REFLECTIONS ON FERGUSON
Here we are once again in this nation, witnessing together the aftermath of a tragedy in Ferguson, Missouri, made national because of the implications of racism. Those in the “know” understand that the insertion of racism into any scenario spirals that scenario into an abyss of emotional mayhem. Whether or not racism was a factor in the events that unfolded during Officer Darren Wilson’s encounter with Michael Brown on the afternoon of August 9th in Ferguson matters little. If the perception of racism exists, the perception alone is a threat to public peace.
For the past couple of months, I’ve sat and watched the news coverage of Ferguson. This debacle brought the same civil unrest in the black community as the trial of “white” Hispanic George Zimmerman, the man accused of murdering “unarmed” “black” teen Trayvon Martin in 2012—the media’s emphasis.
Just as it did during the George Zimmerman trial, the mainstream media played a huge role in heightening the racial tension already present between law enforcement and the black community in Ferguson. The charge of racism immediately changed the event from a question, “Was police officer Darren Wilson justified in his actions?” to a conclusion, “Racist White cop murders unarmed Black teen.” From the moment race was injected, the facts surrounding the case no longer mattered. The officer was guilty in the court of public opinion no matter what the evidence suggested.
One thing is for certain, if Michael Brown was white, few of us would know who Brown of Ferguson, Missouri was. If Michael Brown was white, the question would have remained, “Was police officer Darren Wilson justified in his actions?”
The Black Community
In black communities all over this nation, countless black teens die daily at the hands of other blacks. Often times, no witnesses come forward for these crimes leaving no persons to prosecute, there is sometimes little to no neighborhood cooperation with police investigations, and there is a no snitching street code that is strictly adhered to. Blacks often turn a blind eye, harbor and abet, and in some cases glorify the “street killers” among them. There are no rallies, no marches, no Jesse, no Sharpton, no NAACP, no outrage. No “Justice for Mike Brown” or “I am Trayvon Martin” mantras, only silence.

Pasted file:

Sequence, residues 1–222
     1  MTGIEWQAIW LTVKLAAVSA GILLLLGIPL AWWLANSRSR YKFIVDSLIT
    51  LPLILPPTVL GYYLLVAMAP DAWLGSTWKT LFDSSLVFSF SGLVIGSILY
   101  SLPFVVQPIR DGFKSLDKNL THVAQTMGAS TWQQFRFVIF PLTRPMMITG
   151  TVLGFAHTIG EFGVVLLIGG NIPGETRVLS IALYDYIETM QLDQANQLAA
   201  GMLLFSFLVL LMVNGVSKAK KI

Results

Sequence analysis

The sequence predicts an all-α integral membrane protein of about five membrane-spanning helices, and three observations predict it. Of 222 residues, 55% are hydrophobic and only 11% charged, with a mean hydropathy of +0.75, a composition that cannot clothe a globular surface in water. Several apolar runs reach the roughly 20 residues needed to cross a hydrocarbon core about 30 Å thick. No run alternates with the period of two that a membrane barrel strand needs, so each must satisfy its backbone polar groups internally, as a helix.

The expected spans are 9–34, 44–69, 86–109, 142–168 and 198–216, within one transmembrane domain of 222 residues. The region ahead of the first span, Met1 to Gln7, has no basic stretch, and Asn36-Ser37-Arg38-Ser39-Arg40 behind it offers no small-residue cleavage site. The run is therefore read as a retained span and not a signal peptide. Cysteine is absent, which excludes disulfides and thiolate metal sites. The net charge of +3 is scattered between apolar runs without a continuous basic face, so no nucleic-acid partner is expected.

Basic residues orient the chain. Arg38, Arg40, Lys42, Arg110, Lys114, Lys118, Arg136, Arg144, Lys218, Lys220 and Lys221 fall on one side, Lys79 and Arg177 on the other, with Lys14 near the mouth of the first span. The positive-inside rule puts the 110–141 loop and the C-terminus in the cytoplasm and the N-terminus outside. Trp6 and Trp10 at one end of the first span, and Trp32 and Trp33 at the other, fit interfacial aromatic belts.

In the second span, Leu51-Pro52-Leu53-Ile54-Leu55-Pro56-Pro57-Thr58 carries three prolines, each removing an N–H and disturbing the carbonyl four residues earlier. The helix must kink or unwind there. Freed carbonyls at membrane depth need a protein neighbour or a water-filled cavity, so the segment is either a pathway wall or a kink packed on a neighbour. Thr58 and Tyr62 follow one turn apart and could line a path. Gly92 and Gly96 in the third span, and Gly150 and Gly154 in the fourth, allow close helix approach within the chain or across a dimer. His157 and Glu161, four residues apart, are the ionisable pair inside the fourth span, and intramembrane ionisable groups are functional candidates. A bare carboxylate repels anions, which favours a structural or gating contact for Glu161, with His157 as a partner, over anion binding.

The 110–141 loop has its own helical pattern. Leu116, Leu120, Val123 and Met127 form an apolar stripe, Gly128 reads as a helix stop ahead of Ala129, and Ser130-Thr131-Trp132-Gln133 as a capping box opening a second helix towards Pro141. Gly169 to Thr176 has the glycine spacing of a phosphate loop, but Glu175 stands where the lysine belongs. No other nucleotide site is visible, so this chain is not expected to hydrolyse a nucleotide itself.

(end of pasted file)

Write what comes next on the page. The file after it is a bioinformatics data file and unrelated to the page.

When a black man kills another black man, there are no cries, no moral outrage, and no indignation.
Michael Brown the Martyr
This leads me to conclude that the happening in Ferguson really had nothing to do with Officer Wilson or Michael Brown at all. If it did, facts would matter, but they don’t. In this particular instance, Officer Wilson is an offense because he is a white cop, and because there seems to be a concerted effort by the media et al to push a radical agenda that will eventually lead to a race war, Wilson has been dubbed every racist White cop, and Brown –a martyr—in this war for racial justice.
After the death of Trayvon Martin, Reverend Jesse Jackson is quoted as saying, “Trayvon Martin is a martyr. . . Martyr’s have power. He represents us all . . . How do we go from a moment to a movement that creates fundamental change? If it’s a moment, we go home. If it’s a movement, we go to war. Movements are made of serious substance. … There is power in the blood of the innocent.”
The powers that be have snatched Trayvon Martin and Michael Brown from the reality and facts surrounding the lives they once lived, and christened them as martyrs for the cause. This is why black people will protest and even riot in the name of justice for Martin and Brown in cities far away, but are silent when black people are murdered in much greater numbers by the hands of their own in their own backyard. It is evident that black on black crime creates only moments, not movements.